On August 14th, we kick off our 2019/20 season with our popular Once More, With Feeling! series, featuring two of our favorite artists: composer LJ White and the 1960’s cult favorites, The Shaggs. Our 2019/20 season is all about uncovering how much of a composer’s personal identity they chose – or not – to include in their writing, so Doyle got in touch with LJ (composer of Spektral fan favorite Zin zin zin zin) about how he aproached one of the most infamous tracks in all of rock history.
Doyle Armbrust: Hey LJ, I love Zin zin zin zin just as much today as I did when you first wrote it.
LJ White: Thanks!
DA: From what you state on your website, it seems like this open-arms approach to sound is still at the heart of what you are up to as a composer. Does it look any different these days than when you wrote Zin?
LJ: I wrote Zin over six years ago now, and I can explain it all better now, but I think the motivations are still the same. I like to examine and question genre barriers, and I do it through considering all of the elements of music under my control – pitches, rhythms, timbres, textures, phrasing, articulation, and on and on – independently of each other and with as open of a mind as possible. In Zin, for example, there are timbres that would fit in at Darmstadt, there are motivic and rhythmic elements from hip hop, there’s a way of thinking about vertical spacing that’s informed by spectral music, and there’s comedic timing in the structure and a rhetorical, onomatopoeic communicativeness of gesture that are reminiscent of opera buffa or cartoons.
There’s no reason all of those things can’t make sense together, if they work toward a singular purpose or feeling for the music, a singular idea that interests me. The reason I’m interested in breaking down these lines of genre, I think, is that as a queer trans person, I’ve had to continually make lots of small decisions in order to build a fitting identity outside of the big binary-gender categories that would have otherwise made those kinds of decisions (what to wear, how to speak, etc) automatically for me. And I like to try and build a world, modeled in music, where the full spectrum of decision making is open in all cases, where we all can, as much as possible, freely make decisions for ourselves.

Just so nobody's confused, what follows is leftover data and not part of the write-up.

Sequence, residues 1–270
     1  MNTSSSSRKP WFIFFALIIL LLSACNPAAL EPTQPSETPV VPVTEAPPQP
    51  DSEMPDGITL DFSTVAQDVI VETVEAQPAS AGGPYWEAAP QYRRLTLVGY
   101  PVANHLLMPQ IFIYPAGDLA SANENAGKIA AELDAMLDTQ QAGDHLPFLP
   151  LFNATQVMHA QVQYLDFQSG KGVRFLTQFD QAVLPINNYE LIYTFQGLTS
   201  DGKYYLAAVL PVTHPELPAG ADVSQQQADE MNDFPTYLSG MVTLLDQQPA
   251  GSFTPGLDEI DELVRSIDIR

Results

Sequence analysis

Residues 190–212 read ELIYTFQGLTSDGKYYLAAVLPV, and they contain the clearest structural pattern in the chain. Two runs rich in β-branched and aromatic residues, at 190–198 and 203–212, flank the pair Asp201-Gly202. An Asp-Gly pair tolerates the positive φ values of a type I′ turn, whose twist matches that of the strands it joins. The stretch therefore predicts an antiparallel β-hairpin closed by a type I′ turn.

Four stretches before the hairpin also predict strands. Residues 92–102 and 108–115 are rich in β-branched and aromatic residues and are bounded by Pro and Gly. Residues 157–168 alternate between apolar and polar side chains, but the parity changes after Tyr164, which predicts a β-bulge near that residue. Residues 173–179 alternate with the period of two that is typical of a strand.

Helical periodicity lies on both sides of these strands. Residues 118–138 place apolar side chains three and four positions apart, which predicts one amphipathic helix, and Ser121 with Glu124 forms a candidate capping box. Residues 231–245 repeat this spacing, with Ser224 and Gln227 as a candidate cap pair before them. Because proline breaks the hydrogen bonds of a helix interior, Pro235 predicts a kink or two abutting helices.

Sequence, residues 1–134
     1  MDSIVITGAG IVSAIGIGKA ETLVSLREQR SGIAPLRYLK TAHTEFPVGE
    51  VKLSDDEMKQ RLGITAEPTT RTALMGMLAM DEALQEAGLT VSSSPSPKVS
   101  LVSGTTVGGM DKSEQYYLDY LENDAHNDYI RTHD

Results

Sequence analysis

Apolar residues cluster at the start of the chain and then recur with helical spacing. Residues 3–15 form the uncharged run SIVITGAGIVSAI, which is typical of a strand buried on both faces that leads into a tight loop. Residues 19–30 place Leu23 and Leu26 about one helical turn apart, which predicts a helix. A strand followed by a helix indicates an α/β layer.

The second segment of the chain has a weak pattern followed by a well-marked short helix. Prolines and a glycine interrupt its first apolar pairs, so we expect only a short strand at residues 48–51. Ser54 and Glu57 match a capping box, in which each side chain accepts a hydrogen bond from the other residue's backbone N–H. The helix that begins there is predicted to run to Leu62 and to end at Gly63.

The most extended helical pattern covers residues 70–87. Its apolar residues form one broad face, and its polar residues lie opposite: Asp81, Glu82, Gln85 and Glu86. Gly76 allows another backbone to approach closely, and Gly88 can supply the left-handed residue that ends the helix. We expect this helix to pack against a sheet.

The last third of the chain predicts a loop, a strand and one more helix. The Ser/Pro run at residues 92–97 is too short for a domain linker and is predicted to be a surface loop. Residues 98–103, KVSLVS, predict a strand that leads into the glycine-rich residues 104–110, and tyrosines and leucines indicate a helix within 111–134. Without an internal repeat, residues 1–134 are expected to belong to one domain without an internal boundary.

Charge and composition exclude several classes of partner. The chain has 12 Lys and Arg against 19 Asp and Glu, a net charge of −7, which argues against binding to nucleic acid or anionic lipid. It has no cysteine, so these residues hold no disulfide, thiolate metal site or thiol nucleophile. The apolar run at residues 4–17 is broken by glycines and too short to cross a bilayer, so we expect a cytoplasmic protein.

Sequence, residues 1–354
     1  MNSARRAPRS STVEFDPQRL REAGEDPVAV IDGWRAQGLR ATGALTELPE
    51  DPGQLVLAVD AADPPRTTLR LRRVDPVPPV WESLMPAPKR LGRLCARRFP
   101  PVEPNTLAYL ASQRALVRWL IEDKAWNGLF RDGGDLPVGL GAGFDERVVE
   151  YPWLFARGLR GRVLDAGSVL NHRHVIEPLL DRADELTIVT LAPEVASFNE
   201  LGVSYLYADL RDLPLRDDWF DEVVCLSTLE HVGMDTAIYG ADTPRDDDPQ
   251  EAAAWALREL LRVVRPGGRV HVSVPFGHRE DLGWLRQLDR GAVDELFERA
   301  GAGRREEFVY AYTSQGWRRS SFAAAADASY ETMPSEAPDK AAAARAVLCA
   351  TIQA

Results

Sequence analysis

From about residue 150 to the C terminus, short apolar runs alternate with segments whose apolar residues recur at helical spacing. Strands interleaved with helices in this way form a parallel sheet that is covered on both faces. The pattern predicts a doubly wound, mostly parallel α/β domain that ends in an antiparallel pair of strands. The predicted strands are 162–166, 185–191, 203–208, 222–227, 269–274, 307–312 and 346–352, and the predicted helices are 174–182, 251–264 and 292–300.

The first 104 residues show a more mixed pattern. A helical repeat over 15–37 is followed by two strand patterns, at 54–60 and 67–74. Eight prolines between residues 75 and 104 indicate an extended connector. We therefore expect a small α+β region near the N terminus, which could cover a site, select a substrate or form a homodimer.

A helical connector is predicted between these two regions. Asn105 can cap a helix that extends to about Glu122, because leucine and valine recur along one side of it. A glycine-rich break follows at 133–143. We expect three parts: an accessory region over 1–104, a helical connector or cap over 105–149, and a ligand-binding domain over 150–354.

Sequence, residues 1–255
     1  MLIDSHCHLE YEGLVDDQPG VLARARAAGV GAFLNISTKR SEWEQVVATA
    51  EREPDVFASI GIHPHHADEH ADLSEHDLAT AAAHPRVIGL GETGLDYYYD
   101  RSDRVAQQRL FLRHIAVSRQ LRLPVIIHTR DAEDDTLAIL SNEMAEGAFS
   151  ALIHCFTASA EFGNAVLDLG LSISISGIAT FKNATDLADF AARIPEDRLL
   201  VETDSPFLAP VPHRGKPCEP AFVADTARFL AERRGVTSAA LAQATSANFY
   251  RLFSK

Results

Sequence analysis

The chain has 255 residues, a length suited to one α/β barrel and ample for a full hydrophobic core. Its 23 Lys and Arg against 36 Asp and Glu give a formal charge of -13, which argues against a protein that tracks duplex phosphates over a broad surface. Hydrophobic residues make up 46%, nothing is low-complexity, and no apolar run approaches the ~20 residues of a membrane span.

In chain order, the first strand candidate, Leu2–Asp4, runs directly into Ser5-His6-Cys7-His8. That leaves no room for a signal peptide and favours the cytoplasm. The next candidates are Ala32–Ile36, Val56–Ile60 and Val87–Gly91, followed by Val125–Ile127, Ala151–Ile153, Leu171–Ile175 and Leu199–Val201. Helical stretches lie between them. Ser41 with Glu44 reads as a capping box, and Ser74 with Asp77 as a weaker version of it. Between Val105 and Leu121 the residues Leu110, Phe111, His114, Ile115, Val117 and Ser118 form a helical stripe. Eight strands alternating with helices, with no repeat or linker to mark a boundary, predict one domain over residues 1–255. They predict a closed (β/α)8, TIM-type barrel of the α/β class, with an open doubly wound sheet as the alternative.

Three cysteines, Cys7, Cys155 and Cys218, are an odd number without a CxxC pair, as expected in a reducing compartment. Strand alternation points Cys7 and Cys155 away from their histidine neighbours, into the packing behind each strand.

DA: This season, we are aiming to have composers tell us what aspects of their identity they want front and center, rather than whatever the current narrative about them may be. If we were to write up a one-sentence bio for you in one of our programs, what would be the lede, as of this moment?
LJ: This is a really interesting question. Thanks for the thoughtfulness in striving to represent the composers you’re working with the way we want to be represented.
It seems like there’s two parts to it: 1) Tell us what aspects of your identity you want people to understand about you, or associate with you, and 2) What should your one-sentence bio be? In my case, a one-sentence bio wouldn’t encompass issues of identity directly. The first sentence of my bio (which, for composers, can end up being used as a “one-sentence bio,” and is something we agonize over) says that my music is “direct, focused, and socially relevant” and “assimilates a variety of influences.” This is what I think my work does, in a nutshell. However, identity issues are important to why my music has these priorities, as I’ve described. I want people to know that I’m transgender. My gender identity is something that has strongly informed my work, in tandem with other aspects of myself, and it probably it is a large part of the “current narrative” of me that is out there, cultivated by myself and others. I also care about LGBTQ+ visibility, so it’s important to me to be open. That said, my gender identity is definitely not the full picture, and probing my music would uncover a lot of other features based on an inseparable tangle of identity-based, interest-based, and personality-based traits, one which I don’t think can be summed up fairly in a sentence that would function as a composer bio.
All of this is to say, I guess, that you can feel free to tell audiences that I’m trans and that this informs my music, but let’s make space for this information to be an organic response to questions about why the music sounds the way it does and how I understand my work, along with any other relevant information that could pop up (like the amount of time I spent watching cartoons and MTV as a kid, my interest in language and communication and interpersonal dynamics, etc.)
DA: As a trans composer, that aspect of your identity is probably going to surface pretty often. Is that something you embrace, or is it challenging to automatically be compelled to be an advocate?